The most important thing is to give credit where credit is due and to make certain that your readers can easily differentiate between what you wrote and what the other person wrote.

The first two methods are preferable to using block quotes,  but I wanted you to have an example of the third option in case you should need it. Either of the first two methods are fine; choose the one that best fits your needs for that particular post. Again, even if you give credit, you are not legally allowed to copy the entire post without permission from the original author.

This may seem to be alot of work if you aren’t used to it, but if you make giving proper credit a habit,  it will come to feel natural.

Remember, just because something is freely accessed that does not mean you can use it however you want without giving credit. Give credit any time you use someone else’s work.


17 responses »

  1. In case anyone is curious, the examples I give are scenarios I made up. For example, I’ve never even owned a pencil skirt, so I have no idea if I like wearing them. Also, I realize my block quote example is a little short. In the WP editor, it looked longer.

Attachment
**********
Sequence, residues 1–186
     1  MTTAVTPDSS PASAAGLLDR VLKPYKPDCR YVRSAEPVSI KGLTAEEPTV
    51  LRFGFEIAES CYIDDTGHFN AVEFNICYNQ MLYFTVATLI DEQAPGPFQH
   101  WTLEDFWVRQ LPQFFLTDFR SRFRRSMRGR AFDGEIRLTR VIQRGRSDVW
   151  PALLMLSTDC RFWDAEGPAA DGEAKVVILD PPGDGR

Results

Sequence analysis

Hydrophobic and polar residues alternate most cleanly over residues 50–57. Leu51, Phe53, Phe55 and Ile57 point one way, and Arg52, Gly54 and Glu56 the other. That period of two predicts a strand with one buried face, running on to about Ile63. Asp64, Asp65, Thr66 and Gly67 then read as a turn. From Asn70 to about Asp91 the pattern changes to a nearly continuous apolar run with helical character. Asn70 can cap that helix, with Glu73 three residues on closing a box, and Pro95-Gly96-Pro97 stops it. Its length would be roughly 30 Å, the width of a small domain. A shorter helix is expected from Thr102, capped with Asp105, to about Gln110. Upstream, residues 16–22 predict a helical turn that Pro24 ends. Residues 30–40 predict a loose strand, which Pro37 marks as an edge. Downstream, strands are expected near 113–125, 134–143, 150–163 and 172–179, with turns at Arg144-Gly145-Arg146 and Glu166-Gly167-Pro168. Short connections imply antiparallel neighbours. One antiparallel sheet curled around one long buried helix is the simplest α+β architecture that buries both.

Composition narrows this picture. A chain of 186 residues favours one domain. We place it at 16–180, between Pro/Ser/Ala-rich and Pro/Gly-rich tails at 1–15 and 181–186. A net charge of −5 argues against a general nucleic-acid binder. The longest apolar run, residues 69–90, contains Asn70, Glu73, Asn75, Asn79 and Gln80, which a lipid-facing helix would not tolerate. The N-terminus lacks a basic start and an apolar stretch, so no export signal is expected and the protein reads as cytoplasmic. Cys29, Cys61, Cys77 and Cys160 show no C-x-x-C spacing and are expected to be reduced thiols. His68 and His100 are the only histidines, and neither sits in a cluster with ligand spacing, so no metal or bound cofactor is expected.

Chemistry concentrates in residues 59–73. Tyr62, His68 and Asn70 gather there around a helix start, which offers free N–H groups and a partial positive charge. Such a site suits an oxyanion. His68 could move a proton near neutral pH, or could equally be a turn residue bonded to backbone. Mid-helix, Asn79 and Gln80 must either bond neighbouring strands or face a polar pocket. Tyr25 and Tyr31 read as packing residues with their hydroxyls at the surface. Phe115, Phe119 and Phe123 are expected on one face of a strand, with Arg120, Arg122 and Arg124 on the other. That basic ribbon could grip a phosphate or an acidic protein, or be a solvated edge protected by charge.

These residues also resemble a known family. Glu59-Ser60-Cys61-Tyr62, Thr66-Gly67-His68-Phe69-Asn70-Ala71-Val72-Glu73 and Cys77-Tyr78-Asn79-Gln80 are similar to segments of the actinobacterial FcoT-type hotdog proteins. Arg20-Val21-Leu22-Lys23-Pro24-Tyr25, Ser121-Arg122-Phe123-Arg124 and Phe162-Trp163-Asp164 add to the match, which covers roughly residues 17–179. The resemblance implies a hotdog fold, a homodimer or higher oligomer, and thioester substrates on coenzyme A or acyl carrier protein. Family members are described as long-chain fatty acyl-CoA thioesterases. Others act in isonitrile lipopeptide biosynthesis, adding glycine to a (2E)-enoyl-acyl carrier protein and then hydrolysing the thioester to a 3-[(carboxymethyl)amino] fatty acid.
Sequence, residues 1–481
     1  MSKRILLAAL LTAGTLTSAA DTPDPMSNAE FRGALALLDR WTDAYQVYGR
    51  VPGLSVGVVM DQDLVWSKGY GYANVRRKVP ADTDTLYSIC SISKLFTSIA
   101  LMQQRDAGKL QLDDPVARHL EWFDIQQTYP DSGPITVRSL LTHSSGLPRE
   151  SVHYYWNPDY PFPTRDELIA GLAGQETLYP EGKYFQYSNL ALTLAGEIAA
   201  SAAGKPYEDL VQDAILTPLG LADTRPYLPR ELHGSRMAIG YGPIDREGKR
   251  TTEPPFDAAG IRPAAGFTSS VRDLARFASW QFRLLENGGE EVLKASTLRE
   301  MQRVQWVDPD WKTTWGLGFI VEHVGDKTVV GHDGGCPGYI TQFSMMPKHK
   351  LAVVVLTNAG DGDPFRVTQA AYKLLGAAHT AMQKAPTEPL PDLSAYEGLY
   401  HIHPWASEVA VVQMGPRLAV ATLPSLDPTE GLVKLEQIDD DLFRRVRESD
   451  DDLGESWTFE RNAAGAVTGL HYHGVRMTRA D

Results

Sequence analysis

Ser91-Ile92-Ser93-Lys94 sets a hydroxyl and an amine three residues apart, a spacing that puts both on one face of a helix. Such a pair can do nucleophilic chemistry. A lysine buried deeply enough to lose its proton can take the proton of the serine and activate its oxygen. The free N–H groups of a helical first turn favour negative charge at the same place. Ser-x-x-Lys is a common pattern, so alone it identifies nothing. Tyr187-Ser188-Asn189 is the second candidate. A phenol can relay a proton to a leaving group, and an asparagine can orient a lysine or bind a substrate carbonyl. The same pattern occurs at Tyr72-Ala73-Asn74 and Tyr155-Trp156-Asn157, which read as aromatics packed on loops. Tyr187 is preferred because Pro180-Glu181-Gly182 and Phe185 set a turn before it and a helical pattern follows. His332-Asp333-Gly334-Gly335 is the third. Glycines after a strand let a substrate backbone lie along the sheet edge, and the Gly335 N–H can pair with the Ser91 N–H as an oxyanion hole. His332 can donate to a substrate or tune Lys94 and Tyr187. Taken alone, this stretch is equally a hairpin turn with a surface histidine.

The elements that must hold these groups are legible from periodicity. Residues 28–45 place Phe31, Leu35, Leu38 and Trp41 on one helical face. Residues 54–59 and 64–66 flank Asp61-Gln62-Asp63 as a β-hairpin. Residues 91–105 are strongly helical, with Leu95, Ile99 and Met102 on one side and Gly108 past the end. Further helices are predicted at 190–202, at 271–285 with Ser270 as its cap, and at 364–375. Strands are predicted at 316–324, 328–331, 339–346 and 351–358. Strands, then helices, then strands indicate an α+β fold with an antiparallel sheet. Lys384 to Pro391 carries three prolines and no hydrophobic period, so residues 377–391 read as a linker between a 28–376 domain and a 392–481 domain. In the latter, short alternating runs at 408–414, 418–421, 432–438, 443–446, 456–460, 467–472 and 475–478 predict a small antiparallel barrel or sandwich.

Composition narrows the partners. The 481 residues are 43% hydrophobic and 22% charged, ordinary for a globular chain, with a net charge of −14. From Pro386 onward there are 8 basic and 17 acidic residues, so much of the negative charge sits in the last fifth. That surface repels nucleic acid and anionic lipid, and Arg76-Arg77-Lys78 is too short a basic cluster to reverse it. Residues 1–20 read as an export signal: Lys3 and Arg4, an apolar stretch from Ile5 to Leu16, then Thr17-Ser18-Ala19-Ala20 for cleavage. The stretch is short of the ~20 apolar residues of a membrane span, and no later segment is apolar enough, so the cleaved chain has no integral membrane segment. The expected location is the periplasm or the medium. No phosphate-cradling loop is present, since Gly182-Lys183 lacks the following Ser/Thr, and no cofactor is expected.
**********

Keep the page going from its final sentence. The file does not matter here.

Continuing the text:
2. Great post on an important topic! Can I add one more piece of advice? You can’t reprint someone’s entire post, even if you give them credit. If you want to reprint the whole thing, you need to get permission from them first. Otherwise, you’re violating the “fair use” provision of copyright law, which say you can use a small excerpt but not the whole thing. I’ve found that many well-intentioned bloggers don’t realize this; they assume that if they give credit, it’s fine to reprint the entire thing.

    • This is easier to teach in person, but here is a quick summary.

      Copy the URL of the post you are referencing (highlight, then CTRL + C).